Thanks for the responses so far! I realized I left out another detail that may or may not be relevant: because of the first ledge on the climb, my climber clipped the first two bolts using pretty long alpine draws rather than his normal 18cm quickdraws in an effort to prevent rope drag. These draws were somewhere between a foot or two long. Given that my climber fell and was caught by (I think) the 6th bolt, would those longer draws have affected the distance my climber fell, and thus how far I was pulled?

Old lady H · · Boise, Idaho · Joined Aug 2015 · Points: 120

So sorry about your injury!

I think you get this now, but the belayer has to consider their trajectory once airborne, even with a similar size climber. If they blow a clip with a fat armload of rope, or run it out, or have to whip for some reason, you may be flying.

On the ohm, a couple days ago a few of us had a chance to talk with the rep, who was making the rounds through gyms in several states. It should be showing up for rent soon, I expect, and will be a great addition.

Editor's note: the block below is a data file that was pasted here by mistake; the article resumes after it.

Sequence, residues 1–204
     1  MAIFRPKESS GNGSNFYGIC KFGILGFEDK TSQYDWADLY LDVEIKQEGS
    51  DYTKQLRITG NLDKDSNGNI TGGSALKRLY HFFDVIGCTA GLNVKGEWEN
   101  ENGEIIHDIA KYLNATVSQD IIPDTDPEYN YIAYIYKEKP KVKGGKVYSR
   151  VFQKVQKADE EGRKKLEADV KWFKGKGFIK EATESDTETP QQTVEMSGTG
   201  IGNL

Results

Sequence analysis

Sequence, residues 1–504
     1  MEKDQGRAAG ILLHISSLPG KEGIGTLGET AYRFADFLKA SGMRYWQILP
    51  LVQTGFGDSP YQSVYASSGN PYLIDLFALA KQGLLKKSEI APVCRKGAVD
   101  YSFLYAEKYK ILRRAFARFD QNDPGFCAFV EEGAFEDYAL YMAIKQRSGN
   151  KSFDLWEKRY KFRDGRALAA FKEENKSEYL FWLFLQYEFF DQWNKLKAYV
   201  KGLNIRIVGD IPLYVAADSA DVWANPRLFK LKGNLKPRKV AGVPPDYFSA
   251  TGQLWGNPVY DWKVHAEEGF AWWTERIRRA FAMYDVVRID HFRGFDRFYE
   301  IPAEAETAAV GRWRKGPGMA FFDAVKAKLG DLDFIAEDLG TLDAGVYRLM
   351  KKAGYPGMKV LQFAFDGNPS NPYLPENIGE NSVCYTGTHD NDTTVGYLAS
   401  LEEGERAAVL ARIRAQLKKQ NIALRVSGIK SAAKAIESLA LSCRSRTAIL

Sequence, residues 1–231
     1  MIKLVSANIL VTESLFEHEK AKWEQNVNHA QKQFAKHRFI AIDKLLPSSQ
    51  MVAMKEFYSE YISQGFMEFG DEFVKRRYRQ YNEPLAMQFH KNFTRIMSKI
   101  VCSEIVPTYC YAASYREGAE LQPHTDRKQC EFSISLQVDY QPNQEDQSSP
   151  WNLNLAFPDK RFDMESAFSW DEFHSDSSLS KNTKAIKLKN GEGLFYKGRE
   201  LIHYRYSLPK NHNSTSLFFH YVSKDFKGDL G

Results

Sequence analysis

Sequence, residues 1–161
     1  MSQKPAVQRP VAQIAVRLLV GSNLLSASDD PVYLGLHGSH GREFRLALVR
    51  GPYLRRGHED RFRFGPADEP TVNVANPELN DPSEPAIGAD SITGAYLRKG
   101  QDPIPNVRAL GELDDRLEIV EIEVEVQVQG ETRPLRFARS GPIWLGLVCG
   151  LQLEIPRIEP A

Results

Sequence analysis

If you have a chance to try one, I'd suggest getting a variety of weights on the climbers end. Some have expressed concerns about spiking the climber if the weight difference is too small. This came up after the rep left, though, so we weren't able to ask.

Hope you heal up quickly, sorry there's a pun in there. Best, Helen

Mike Womack · · Los Angeles, CA · Joined Mar 2014 · Points: 1,297

I know one thing I do to avoid being pulled into the wall like that is by standing right at the base of the climb (after they're up a few bolts) so when I do what you do and step away to pull in slack fast, I'm still not very far from the base of the climb and won't get dragged in. 

Ken Noyce · · Layton, UT · Joined Aug 2010 · Points: 2,037
Apsu wrote:

Howdy MP.

....

The other side of this is: what could my climber have done differently? I've got some ideas but I'd like to hear what you all have to say first.